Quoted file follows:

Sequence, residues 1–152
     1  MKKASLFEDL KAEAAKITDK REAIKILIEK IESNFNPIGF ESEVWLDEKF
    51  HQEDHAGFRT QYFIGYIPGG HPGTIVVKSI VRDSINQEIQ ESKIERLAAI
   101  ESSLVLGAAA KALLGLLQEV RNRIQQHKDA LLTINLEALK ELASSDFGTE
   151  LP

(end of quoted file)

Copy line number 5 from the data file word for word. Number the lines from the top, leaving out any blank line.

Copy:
   151  LP